The growing national battle to curb unlicensed and unregulated taxi providers took a new direction today when a group of Chicago taxi owners, drivers and the Illinois Transportation Trade Association (ITTA) filed a federal lawsuit against the City of Chicago. The lawsuit, the first in the nation against a city, claims that by failing to enforce its own rules for taxi services, Chicago is jeopardizing public health and safety and exposes the city to billion-dollar potential damages.

The suit, filed in the United States District Court for the Northern District of Illinois, alleges that the City has allowed unlicensed taxi companies such as UberX, Lyft, and Sidecar to create an unprecedented, discriminatory system for taxi services:

  • Where only relatively affluent passengers with both smart phones and credit cards can obtain service, and then only if the driver chooses to serve their neighborhood;
  • Where the unregulated companies can charge whatever rates they like, including so-called “surge pricing” of up to 8 times normal rates;
  • Where safety rules – including requirements that drivers and companies be fully licensed, submit to a full city-administered criminal background check, carry commercial insurance to cover passengers and pedestrians, and drive only newer, city-inspected and regulated vehicles – do not apply.

According to the lawsuit, the City is allowing the unlicensed taxi companies to discriminate against vulnerable individuals and communities, slash City tax revenues and seriously damage individuals and businesses who have invested in purchasing the medallions required by law for taxi operations. The unregulated companies operate without complying with the hundreds of City regulations that apply to the licensed taxi industry and without paying the required taxes.

We sued the City because it is discriminating against taxi owners who have played by the rules, paid their taxes and complied with safety and licensing requirements while the City allows the unregulated companies – who provide identical services – to make up their own rules,” said noted Chicago attorney, Michael Shakman, who is representing the plaintiffs. “This lawsuit is about whether low-income areas and people with disabilities are going to be left without taxi services. Taxi companies welcome new technology and competition. Chicago taxi owners already have smart phone applications that connect customers with licensed, regulated drivers – while not ignoring those without them. But people providing identical services should be held accountable to the public under the same rules.”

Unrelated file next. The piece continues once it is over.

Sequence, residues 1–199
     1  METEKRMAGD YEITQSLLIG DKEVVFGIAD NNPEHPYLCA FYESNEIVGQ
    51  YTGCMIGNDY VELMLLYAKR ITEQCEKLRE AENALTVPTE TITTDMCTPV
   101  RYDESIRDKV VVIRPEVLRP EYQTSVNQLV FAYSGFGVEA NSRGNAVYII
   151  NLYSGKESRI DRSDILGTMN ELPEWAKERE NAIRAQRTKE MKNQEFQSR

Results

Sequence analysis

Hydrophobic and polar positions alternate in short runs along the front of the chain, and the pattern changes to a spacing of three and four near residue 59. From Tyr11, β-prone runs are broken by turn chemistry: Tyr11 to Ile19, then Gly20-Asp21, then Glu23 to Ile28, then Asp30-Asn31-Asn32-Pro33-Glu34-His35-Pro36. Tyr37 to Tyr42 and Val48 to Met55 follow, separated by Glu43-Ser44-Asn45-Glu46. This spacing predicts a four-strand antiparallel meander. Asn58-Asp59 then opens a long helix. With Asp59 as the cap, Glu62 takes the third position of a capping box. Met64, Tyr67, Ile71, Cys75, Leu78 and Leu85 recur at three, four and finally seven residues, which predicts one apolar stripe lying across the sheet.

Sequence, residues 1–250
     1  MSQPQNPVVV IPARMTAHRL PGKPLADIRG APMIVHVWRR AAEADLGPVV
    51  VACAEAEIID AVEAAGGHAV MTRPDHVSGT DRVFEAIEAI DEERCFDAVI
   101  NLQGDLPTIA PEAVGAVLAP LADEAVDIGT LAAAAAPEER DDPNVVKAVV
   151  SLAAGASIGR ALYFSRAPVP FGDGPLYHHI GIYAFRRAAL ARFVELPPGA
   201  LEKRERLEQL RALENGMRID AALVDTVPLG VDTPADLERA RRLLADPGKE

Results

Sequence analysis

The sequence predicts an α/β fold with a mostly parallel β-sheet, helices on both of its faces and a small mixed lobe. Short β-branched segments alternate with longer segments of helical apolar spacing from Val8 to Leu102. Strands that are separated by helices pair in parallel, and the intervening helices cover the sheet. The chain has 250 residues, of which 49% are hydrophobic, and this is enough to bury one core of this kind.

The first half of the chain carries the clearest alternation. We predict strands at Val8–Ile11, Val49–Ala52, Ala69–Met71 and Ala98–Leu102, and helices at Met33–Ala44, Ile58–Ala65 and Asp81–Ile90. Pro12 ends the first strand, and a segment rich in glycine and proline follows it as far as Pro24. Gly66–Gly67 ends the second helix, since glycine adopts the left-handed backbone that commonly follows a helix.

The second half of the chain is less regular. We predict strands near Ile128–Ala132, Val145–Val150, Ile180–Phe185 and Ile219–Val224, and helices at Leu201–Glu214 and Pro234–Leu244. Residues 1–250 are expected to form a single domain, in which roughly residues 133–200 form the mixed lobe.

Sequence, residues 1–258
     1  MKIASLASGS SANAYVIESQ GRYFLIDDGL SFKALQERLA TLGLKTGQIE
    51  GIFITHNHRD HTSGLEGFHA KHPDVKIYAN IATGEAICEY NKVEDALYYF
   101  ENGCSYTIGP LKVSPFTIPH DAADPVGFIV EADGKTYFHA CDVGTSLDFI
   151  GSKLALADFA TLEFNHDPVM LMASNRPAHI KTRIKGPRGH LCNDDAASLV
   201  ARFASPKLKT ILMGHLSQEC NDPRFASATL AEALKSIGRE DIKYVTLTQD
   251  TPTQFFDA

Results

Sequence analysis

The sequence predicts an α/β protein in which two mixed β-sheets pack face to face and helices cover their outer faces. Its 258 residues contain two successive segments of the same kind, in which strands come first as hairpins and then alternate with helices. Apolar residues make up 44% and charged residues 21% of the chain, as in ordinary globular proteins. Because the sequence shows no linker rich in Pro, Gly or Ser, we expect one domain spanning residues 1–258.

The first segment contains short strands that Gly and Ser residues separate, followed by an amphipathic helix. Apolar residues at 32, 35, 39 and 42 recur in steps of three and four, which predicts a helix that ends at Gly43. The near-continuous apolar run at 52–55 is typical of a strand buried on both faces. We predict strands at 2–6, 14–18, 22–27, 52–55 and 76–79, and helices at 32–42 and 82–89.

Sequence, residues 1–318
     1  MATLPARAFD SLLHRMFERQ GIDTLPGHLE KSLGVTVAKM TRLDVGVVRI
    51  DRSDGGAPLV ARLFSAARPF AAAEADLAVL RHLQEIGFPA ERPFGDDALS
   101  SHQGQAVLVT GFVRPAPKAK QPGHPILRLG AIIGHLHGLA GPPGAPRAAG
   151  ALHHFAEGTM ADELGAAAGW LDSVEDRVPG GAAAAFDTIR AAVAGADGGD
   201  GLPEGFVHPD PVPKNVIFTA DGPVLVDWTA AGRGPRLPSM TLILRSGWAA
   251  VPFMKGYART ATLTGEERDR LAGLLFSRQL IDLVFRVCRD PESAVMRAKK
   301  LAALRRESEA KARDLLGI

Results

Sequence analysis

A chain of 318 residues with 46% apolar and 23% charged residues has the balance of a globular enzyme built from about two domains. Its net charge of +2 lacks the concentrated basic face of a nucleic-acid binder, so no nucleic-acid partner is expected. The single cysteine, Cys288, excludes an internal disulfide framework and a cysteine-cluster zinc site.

The unlicensed companies readily admit they do not comply with local laws and only enter marketplaces after a period of non-enforcement by authorities. Other cities including New Orleans, La., Portland, Ore., Miami, Fla. and Austin, Tex., have not allowed them to operate unless they comply with local consumer protection ordinances, licensing, and safety regulations. City officials in Dallas, Tex. and Seattle, Wash. have proposed regulations to bring the companies into compliance.

Unlike the requirements imposed on the taxi industry, the city currently allows the unlicensed taxi companies to:

  • Operate without liability insurance coverage for drivers, passengers and pedestrians (including commercial public liability coverage, property damage coverage and workers compensation);
  • Drive uninspected vehicles;
  • Use vehicles with no age limitation and no regard to fuel efficiency;
  • Use untrained drivers without criminal background checks or chauffeur licenses;
  • Engage in price gouging with “surge pricing” rather than adhering to prices set by the city using sanctioned meters;
  • Ignore calls from underserved and minority neighborhoods in the city;
  • Not provide accessible vehicles for people with disabilities;
  • Refuse to accept cash or Taxi Access Program (TAP) vouchers;
  • Pay no taxes or annual registration fees;
  • Operate without taxi-licensed medallions, which the city attempted to auction at a starting price of $360,000 each in October 2013.

The City of Chicago collects more than $24 million per year in taxes from the taxi industry. In contrast, the unlicensed taxi companies pay no taxes to the city, threatening a critical revenue stream at a time of ongoing economic recovery and budget deficits.

Yesterday, Mayor Emanuel introduced an ordinance in the Chicago City Council to impose some regulations on unlicensed taxi companies.

“The City’s new proposal is bad policy and the City Council should reject it,” Shakman said. “It would write into law an absolutely unnecessary, unfair and discriminatory separate taxi system created by these unlicensed companies. It does nothing to address major safety concerns, ignores the loss of millions in City tax revenues, and guarantees large liability to the City.”

In 2012, several Chicago taxi companies filed a lawsuit directly against the unlicensed taxi companies. That case was also filed in the United States District Court for the Northern District of Illinois and is now in the discovery stage.


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